They do something similar over on Legends Of Tomorrow to make the Waverider's sets look bigger than they really are.

 So who does what on the Orville's bridge? At the beginning of the episode, Isaac announces he's received a distress call from a transport ship. That would normally be the function of the Communications Officer, right? But Isaac's supposedly the Science Officer.

Mercer then orders Alara to send a message to the ship, telling them the Orville's on its way to help. That would most definitely be the job of the Communications Officer. Yet Alara's the Chief Of Security on the ship!

To add even more confusion, a few seconds later John announces they're approaching the damaged ship, and identifies it as the USS Bolario. Wait... he's the Navigator. Why's he getting that info? Shouldn't the ship have identified itself in its initial distress call?

See what I mean? The bridge crew's duties are all over the place in this scene.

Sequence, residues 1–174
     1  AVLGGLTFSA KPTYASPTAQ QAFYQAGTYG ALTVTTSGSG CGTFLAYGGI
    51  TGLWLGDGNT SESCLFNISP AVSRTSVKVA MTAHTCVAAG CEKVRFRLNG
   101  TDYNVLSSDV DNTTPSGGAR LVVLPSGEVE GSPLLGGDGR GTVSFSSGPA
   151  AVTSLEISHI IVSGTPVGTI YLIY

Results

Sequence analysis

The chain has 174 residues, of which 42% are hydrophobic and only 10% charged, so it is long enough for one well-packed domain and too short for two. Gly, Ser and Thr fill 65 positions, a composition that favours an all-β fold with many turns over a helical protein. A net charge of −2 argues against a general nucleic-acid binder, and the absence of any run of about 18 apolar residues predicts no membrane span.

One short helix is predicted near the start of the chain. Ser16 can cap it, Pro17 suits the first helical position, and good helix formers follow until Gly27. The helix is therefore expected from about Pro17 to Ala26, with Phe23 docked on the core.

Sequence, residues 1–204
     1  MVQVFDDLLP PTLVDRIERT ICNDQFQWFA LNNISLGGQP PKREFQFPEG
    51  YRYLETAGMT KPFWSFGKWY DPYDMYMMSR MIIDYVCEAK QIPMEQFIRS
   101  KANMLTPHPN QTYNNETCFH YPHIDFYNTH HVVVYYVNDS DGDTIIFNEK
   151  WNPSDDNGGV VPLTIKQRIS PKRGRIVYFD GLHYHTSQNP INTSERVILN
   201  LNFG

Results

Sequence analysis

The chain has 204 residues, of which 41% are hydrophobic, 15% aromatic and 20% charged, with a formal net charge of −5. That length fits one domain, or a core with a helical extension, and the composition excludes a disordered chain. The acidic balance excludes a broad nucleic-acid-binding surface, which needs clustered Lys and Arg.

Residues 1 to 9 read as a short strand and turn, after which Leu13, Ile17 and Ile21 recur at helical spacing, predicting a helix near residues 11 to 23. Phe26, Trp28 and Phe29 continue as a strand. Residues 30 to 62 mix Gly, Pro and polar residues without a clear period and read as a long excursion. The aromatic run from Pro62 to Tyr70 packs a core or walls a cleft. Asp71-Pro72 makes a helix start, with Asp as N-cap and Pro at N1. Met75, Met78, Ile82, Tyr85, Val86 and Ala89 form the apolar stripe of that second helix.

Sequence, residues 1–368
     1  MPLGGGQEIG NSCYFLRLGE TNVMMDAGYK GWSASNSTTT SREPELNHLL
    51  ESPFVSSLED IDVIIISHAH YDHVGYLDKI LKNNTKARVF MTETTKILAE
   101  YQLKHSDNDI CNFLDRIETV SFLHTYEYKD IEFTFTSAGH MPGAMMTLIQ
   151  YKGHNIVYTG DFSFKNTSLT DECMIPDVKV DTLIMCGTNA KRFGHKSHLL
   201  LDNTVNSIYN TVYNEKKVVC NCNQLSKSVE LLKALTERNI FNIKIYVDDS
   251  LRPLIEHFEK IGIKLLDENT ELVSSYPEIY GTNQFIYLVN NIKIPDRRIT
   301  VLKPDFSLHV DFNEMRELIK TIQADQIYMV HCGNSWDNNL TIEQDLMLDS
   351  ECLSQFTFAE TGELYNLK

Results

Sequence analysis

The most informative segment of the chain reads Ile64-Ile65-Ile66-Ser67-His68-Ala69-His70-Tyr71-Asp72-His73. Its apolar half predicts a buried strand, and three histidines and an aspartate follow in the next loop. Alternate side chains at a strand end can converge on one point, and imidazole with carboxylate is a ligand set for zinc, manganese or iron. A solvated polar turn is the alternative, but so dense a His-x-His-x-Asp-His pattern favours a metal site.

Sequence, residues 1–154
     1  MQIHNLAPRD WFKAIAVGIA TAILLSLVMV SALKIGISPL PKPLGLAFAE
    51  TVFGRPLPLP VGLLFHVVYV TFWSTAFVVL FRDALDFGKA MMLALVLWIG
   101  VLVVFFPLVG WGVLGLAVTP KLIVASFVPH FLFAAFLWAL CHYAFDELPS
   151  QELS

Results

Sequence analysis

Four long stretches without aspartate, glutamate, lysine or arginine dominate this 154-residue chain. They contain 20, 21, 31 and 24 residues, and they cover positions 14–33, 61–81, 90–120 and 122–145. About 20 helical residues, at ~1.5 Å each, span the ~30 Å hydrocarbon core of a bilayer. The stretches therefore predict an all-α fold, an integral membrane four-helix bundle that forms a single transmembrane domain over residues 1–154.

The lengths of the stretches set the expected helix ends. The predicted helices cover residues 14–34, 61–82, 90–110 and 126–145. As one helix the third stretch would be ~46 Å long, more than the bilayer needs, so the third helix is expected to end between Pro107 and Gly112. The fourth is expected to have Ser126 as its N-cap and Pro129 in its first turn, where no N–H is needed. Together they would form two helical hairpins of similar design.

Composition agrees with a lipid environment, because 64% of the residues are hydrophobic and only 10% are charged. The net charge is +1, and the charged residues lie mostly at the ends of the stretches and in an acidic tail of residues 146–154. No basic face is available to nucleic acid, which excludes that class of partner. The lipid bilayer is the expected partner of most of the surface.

I have a sneaking suspicion that all these tasks were spread out among the cast in order to give the actors a couple extra lines in this episode. 

• The Orville receives a distress call from the Bleriot.

I'm assuming this ship's named after Louis Bleriot, a French aviator who was the first to fly across the English Channel in 1909.

The Bleriot appears to be a ring ship— one with a thing circular engine. Believe it or not, a few years back NASA unveiled a theoretical ring ship design of their own. It featured a large ring that utilized gravity or something to generate a warp field. 

• Mercer receives a message from his parents, who just happen to be traveling on the Bleriot (suspicious!). His folks are played by veteran character actors Holland Taylor and Jeffrey Tambor, who've both guest starred in virtually everything.

I have a feeling this will be the one and only appearance of Mr. Mercer on the show. About a year after this episode aired, Jeffrey Tambor was a victim of the "MeToo" movement, accused of sexually harassing an assistant working on the TV series Transparent. Although Tambor denied the claim, he was immediately fired from the series and has worked very sporadically since.